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November 23, 2014

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Joe Downtown: Cirque costume designers take advantage of Stitch Factory’s offerings

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Joe Schoenmann

Veronique Marcoux works on part of a costume for a Cirque du Soleil performer. A group of Cirque costume designers and seamstresses are stitching and sewing, measuring and adjusting costumes in the Stitch Factory, a co-working space for designers that is equipped with industrial machines, dress forms and working tables

Cirque Costumers at Stitch Factory

Genevieve Manda works on part of a costume for a Cirque du Soleil performer. A group of Cirque costume designers and seamstresses are stitching and sewing, measuring and adjusting costumes in the Stitch Factory, a co-working space for designers that is equipped with industrial machines, dress forms and working tables Launch slideshow »

Cirque du Soleil has a virtual lock on the Las Vegas Strip performance industry with seven – and soon to be eight – shows, including the upcoming Michael Jackson tribute “One.”

But now you can even find the entertainment giant’s employees working downtown.

They’re not performing. They’re sewing.

A handful of seamstresses and designers based in Montreal who design and costumes for the entertainment giant are stitching and sewing, measuring and adjusting costumes in the Stitch Factory, a co-working space for designers that is equipped with industrial machines, dress forms and working tables.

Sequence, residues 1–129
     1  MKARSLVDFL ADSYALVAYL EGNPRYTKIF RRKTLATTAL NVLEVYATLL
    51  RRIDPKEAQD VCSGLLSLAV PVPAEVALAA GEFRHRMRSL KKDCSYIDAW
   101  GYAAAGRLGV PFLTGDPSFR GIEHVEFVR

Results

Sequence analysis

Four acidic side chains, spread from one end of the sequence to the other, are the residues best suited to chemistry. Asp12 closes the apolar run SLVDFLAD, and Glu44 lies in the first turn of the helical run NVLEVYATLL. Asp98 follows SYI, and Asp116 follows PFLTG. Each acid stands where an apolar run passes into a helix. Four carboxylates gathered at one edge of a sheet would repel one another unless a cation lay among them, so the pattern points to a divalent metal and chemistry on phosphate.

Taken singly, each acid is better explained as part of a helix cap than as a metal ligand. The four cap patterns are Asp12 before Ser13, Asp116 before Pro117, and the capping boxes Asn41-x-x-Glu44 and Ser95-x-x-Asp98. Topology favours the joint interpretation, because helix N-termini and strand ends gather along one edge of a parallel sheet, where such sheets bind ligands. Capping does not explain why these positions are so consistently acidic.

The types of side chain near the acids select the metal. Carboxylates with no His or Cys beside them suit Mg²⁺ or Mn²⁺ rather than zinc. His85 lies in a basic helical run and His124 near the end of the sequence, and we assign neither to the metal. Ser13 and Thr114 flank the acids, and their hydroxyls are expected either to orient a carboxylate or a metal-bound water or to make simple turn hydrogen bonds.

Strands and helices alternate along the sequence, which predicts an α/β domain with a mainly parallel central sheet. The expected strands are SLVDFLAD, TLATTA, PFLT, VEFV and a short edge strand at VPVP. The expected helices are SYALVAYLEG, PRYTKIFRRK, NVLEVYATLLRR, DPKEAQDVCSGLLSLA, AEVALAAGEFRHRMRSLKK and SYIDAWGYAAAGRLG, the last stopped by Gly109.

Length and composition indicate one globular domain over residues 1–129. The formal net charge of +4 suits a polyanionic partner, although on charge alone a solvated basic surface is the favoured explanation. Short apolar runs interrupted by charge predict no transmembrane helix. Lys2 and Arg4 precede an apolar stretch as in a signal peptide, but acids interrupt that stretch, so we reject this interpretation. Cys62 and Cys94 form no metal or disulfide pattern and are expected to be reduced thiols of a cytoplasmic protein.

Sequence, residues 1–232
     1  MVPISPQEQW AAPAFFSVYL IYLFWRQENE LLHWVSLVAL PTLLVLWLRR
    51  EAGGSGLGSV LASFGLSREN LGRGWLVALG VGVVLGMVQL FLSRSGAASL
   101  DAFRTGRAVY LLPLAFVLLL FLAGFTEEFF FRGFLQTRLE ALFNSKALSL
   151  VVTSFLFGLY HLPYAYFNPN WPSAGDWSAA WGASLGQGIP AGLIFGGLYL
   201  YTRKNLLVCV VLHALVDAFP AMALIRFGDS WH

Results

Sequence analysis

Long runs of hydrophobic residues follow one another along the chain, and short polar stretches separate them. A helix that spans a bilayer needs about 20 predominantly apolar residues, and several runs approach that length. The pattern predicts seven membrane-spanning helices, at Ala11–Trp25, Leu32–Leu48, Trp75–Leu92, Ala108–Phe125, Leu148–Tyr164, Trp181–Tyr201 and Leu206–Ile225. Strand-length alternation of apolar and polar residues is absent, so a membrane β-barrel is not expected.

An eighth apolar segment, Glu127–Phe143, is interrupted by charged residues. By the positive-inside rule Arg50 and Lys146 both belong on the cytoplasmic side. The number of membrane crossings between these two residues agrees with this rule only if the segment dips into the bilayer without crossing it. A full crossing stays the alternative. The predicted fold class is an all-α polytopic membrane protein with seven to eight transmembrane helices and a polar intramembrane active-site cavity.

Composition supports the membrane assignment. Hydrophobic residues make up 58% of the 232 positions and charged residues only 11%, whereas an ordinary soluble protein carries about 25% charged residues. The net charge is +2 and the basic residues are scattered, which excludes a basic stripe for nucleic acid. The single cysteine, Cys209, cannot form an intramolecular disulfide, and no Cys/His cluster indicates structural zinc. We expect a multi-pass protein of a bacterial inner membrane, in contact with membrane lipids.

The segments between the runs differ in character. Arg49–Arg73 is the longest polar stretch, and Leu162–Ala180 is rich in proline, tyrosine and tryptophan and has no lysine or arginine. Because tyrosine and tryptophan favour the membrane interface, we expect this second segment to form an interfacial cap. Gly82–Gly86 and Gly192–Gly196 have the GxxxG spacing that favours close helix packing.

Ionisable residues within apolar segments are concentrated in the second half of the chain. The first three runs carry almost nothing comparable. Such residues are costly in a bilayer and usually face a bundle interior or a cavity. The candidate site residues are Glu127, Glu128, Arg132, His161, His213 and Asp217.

The costumes will adorn acrobats who will appear here and there throughout the night in a new club, Light at Mandalay Bay. Cirque typically rents space to make costume adjustments. It also rents heavy-duty machines from garment makers in Los Angeles. But Martin Bedard, costume specialist, said his crew heard about the relatively new Stitch Factory, made a call, and was now completing costume adjustments before the club’s opening.

“If we didn’t have this, we would have probably ended up doing this in a hotel room,” he said, laughing.

At Stitch Factory tables, workers sew buttons, baubles and beads onto boots, head pieces and form-fitting bodices. Performers periodically visit and don one of the costumes for Bedard and designer Marie-Chantale Vaillancourt. More alterations are made if needed.

Costumes are being made for eight women and three men who will perform different Cirque-style feats of acrobatic skill throughout the night.

The club’s preview is scheduled for April 24.

Joe Schoenmann doesn’t just cover downtown, he lives and works there. Schoenmann is Greenspun Media Group’s embedded downtown journalist, working from an office in the Emergency Arts building.

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